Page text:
I can only assume for your comment that you have no idea of what capitalism actually is. So, are you willfully ignorant? Are you stupid? Or are you able and willing to learn what capitalism really is?

      1. Either way, it has clearly not occurred to him that in all other systems, “Justice” only works for the connected.

        The difference being that in our society it is relatively easy to become rich. Becoming connected is another matter.

      2. capitalism, n. anything whose outcome I don’t like

      3. Yeah, I don’t know how anyone can seriously say that. Especially now when the internet has allowed so many new possibilities for productive self-employment by people without a lot of capital. Capitalism is pretty much the only thing that has ever raised large numbers of people out of poverty.

  6. I recall hearing about a case where the police arrested a man because of trace amounts of cocaine on cash in his wallet. The case was later thrown out after the defense had a study done that showed almost every bill in circulation has trace amounts of cocaine on it. As a result of that many locations require that a certain amount of the drug be recovered not just a trace amount.

    1. “Trace amounts” might be cause to start an investigation, but they should never be the sole or primary evidence for a conviction. They’re a form of circumstantial evidence, but unlike in a theft, rape, assault, or murder there is no accompanying concrete evidence that a crime occurred. Circumstantial evidence only establishes that if there was a crime, this person may have had some connection to it. It can’t prove the crime itself.

      1. Their using stops for minor traffic violations to start a search.The trace amount is just the result.

    2. “The case was later thrown out after the defense had a study done that showed almost every bill in circulation has trace amounts of cocaine on it.”
      Yeah they actually found traces on state attorney general’s cash, Jeb Bush’s (maybe his brother paid him back a loan) a former Miss America, Edward McCarthy who as you know was Archbishop of Miami.

  7. Well it’s cheaper than training a German Shepard to sit every time it walks by a wheel well or trunk.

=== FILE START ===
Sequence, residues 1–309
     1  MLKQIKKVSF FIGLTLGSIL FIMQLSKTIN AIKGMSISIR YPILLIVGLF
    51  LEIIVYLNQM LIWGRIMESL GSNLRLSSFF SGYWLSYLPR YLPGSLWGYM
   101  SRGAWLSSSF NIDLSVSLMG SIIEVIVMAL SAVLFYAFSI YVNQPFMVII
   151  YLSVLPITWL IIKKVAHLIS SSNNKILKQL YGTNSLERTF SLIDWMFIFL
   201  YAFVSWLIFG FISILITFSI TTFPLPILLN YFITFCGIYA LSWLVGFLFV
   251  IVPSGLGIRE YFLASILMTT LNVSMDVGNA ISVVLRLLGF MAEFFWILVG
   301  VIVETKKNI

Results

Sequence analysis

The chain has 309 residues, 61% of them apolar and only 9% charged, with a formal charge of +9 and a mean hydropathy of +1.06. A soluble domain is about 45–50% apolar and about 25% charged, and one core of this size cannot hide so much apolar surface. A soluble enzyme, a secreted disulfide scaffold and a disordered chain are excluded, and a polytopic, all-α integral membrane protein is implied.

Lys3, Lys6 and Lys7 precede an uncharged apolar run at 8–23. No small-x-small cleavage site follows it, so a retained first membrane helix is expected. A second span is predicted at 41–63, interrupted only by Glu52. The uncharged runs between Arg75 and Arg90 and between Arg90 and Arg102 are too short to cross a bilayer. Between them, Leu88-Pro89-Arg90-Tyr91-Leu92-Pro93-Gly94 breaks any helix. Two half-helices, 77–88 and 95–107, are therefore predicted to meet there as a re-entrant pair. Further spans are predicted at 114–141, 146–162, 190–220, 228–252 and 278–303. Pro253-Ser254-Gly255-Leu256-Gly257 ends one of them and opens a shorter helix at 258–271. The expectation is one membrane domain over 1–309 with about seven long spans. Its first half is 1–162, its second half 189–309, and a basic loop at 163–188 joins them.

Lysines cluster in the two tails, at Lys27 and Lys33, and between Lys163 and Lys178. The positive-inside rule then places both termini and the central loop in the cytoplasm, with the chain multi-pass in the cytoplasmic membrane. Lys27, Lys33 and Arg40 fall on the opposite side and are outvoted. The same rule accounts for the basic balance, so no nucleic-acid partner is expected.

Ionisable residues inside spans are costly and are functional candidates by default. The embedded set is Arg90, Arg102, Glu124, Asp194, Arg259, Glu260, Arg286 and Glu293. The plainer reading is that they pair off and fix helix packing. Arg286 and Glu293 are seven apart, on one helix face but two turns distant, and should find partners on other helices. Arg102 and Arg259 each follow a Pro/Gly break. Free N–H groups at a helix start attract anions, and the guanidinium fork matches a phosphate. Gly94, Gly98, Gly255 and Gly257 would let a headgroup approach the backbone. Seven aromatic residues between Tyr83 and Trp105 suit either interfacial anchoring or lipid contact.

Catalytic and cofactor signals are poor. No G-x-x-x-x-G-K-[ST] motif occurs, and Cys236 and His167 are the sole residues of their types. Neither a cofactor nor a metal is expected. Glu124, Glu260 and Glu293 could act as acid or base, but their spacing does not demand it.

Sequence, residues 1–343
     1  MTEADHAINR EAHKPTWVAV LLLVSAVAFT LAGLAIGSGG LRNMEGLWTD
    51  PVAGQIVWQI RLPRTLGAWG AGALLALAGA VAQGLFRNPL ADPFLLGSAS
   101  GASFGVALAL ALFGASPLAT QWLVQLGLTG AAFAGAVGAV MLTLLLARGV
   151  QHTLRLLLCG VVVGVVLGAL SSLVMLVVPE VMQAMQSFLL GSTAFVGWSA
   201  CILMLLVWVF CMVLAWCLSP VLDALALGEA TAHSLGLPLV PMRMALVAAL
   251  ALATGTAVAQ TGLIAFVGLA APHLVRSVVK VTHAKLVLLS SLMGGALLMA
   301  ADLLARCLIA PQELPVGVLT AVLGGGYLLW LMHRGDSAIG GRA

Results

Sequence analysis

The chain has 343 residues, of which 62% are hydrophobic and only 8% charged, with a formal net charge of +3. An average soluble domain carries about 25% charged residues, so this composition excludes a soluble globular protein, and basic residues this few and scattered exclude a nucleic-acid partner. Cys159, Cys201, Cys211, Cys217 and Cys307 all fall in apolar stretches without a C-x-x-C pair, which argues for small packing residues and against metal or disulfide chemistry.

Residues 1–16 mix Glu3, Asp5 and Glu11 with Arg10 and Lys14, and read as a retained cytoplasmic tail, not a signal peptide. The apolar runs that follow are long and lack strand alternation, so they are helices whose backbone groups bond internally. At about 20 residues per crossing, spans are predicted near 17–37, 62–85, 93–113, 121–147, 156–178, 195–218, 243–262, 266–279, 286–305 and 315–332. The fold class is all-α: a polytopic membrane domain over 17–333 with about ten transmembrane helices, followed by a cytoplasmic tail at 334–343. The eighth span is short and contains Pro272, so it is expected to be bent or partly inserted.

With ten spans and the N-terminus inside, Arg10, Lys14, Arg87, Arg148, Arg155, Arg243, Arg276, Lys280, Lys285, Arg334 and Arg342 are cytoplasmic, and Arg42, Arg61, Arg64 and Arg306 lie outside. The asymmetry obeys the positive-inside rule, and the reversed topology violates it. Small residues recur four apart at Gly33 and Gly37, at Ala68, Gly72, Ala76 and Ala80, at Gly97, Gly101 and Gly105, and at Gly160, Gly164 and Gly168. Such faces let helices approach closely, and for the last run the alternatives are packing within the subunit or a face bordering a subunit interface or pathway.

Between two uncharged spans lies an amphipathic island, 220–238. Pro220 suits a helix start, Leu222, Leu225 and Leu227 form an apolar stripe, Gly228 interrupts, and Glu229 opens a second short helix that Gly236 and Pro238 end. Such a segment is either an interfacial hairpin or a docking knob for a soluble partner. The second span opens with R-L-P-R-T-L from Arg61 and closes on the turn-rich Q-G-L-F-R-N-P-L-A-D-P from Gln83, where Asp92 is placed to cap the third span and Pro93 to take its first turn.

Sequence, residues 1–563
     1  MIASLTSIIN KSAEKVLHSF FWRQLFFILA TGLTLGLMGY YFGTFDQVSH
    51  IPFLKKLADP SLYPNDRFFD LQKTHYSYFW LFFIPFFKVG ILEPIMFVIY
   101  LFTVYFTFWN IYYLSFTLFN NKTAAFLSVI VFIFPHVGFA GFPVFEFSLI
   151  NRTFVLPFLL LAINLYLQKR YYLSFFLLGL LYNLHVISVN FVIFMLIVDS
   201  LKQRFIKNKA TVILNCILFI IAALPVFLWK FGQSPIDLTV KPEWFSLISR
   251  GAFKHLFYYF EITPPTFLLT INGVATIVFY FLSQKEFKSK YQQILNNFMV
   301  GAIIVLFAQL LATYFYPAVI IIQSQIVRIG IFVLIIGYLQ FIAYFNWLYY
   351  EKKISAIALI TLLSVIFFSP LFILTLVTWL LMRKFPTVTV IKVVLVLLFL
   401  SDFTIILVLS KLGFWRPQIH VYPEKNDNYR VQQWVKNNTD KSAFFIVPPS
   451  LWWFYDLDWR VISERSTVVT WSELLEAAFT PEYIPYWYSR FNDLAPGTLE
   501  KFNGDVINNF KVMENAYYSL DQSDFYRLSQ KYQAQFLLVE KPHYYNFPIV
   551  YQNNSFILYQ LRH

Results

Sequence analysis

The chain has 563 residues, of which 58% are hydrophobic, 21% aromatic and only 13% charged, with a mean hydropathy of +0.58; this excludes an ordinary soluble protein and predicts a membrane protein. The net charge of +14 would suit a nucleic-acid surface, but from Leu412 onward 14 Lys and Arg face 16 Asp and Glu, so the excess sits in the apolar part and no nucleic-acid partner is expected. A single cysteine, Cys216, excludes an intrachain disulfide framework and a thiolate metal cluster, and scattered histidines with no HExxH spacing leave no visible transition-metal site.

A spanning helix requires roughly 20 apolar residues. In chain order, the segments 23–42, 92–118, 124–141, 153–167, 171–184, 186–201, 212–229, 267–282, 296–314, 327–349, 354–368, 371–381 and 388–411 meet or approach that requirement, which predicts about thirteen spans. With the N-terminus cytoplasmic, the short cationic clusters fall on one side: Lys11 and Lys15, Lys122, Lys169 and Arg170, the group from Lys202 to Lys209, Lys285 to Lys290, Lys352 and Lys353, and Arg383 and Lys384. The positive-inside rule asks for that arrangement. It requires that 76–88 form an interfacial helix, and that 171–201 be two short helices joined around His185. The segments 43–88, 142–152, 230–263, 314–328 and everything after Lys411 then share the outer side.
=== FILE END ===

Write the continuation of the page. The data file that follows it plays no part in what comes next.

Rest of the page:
1. You know who else used German Shepard’s to enforce their laws?

      1. Colonel Klink?

  8. The purpose of these tests is to convict poor people who can’t afford a real attorney, and instead are stuck with a public pretender whose job is to get plea bargains for the prosecutor.

    So in that respect the tests work perfectly.

  9. Cops fucking love science the same way meme reposters do. (I.e. not actually, just as something with which to bludgeon people who disagree with them)

  10. Cops fucking love science the same way meme reposters do. (I.e. not actually, just as something with which to bludgeon people who disagree with them)

  11. Cops fucking love science the same way meme reposters do. (I.e. not actually, just as something with which to bludgeon people who disagree with them)

  12. Cops fucking love science the same way meme reposters do. (I.e. not actually, just as something with which to bludgeon people who disagree with them)

  13. Cops fucking love science the same way meme reposters do. (I.e. not actually, just as something with which to bludgeon people who disagree with them)

  14. Cops fucking love science the same way meme reposters do. (I.e. not actually, just as something with which to bludgeon people who disagree with them)

    1. Eman; you really need to see a doctor about that tremor. I sympathize. My Lady’s hands sometimes shake so hard she cannot use her phone.

    2. The squirrels were angry about your post.

    3. Cops and proggies love shitty science

    4. Cops fucking love science the same way squirrels do, apparently.

    5. Cops fucking love science the same way squirrels do, apparently.

    6. Cops fucking love science the same way squirrels do, apparently.

    7. Cops fucking love science the same way squirrels do, apparently.

      1. Also I’ve gained control over squirrels and can now summon them at will. Soon I will get them tiny horses and bows, and the great squirrel horde will conquer Reason’s comment section!!

      2. Also I’ve gained control over squirrels and can now summon them at will. Soon I will get them tiny horses and bows, and the great squirrel horde will conquer Reason’s comment section!!

        1. (As an aside, if Reason put one damn line of JavaScript into their comment section, the squirrels could be eternally defeated)

          1. Or reason could use a fucking threaded comment system that features up and down votes and actually enables conversation for longer than a post is the first post on the page. You know, like Disqus?